Wednesday, October 9, 2013

Adrift at Sea

No Alternative by William Dickerson 

Disclaimer: I received this book from the author in exchange for a review.

Summary: NO ALTERNATIVE is a coming-of-age drama that drills a hole into the world of suburban American teenagers in the early 90's. Thomas Harrison is determined to start his own alternative band, an obsession that blinds him to what's either the mental collapse, or the eruption of musical genius, of his little sister, Bridget. Bridget boldly rejects her brother's music, and the music of an entire generation of slackers, by taking on the persona of an X-rated gangsta' rapper named "Bri Da B." No Alternative probes the lives of rebellious kids who transition into adulthood via the distortion pedals of their lives in an era when the "Sex, Drugs & Rock'n'Roll" ethos was amended to include "Suicide" in its phrase. *** William Dickerson sets into motion a series of relationships against the backdrop of the suicide of Kurt Cobain, recreational drugs, keg parties in fields, Jesuit high schools, the Baby Boomers who gave birth to the children drinking from kegs in fields, killing commies with laser beams, depression, and the rise of anti-depressants to combat the depression, the New York State Judicial System, Melanin Theory, corporate behemoths from Seattle, the next Nirvana, the emergence of Biggie Smalls in White America, headshrinkers, smoking cigarettes, Converse sneakers (the Jack Purcell's, not the All-Stars), sibling rivalry, parental expectations, Catholicism, and the felony theft of something that was to never be. And let's not forget: Garage Bands; the real thing, not the software, Gangsta' Rap, Grunge, and Generation X.

Review: A tragic tale that deals with teenage angst and delves past its surface to the depression underneath.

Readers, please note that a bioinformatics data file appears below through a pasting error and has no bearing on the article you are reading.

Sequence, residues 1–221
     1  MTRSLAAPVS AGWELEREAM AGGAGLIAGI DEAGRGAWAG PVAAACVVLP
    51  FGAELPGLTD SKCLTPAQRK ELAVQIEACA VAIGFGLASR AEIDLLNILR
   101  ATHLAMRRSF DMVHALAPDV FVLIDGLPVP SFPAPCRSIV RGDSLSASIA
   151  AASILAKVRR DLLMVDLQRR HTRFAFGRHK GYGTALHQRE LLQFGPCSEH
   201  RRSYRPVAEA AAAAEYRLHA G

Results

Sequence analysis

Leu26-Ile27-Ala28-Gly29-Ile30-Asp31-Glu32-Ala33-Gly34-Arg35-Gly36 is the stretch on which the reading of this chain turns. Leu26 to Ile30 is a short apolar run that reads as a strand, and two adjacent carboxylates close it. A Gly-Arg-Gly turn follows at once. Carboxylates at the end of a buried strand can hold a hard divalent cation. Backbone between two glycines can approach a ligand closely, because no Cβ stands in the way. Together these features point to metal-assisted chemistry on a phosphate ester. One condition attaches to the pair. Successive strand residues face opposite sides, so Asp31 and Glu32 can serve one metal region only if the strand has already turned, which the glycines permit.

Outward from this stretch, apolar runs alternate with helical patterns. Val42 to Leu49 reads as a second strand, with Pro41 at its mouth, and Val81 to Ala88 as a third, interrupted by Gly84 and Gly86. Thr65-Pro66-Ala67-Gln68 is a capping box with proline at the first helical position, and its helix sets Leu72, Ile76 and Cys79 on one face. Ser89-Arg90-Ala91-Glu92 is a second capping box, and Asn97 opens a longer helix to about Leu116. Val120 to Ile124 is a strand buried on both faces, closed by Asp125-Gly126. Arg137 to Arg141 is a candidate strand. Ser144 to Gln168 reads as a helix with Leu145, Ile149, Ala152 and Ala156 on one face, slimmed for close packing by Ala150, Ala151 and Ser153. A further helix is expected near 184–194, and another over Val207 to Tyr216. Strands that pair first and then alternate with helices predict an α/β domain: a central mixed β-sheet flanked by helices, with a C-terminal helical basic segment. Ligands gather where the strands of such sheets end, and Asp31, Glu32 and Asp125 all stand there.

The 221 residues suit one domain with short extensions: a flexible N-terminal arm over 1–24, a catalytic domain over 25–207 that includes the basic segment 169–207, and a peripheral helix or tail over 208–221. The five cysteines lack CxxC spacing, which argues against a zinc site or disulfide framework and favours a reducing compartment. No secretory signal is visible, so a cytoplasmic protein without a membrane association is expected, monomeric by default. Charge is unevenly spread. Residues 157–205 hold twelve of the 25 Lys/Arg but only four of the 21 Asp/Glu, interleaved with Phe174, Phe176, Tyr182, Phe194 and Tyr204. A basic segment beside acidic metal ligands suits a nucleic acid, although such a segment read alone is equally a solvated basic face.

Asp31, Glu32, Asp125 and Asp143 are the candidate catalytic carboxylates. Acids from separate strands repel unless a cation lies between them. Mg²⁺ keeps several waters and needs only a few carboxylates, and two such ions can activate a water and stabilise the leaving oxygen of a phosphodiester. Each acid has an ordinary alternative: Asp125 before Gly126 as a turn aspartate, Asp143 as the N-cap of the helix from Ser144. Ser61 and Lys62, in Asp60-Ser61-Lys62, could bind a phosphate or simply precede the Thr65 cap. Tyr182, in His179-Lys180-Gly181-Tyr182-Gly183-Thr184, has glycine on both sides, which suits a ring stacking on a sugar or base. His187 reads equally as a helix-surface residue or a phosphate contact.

As one of the millennial generation (also known as generation Y), I was only 9 when Kurt Cobain died. I was certainly aware of grunge although I was born too late to be very affected by it. The author does a good job of setting up the story, which includes helpful summaries on events affecting generation X and enough information to provide meaning to the story. Generation X could very well be considered a lost generation. They have no big cause or event in their lives to give meaning so they find meaning wherever they could.

Perspective and context is really everything. You want to consider Thomas and Bridget to be tragic figures that are failed by their parents and society. How much is it society and how much is their family and how much is it themselves? This book certainly poses those questions and the answers will obviously vary per person, family, and society. I was not expecting the ending although I suppose it is fitting. Those this book is tragic, it does contain a rebirth and demonstrates the fact that life goes on.


Recommendation: I would recommend this book to those looking for a serious read about teenagers and Generation X.

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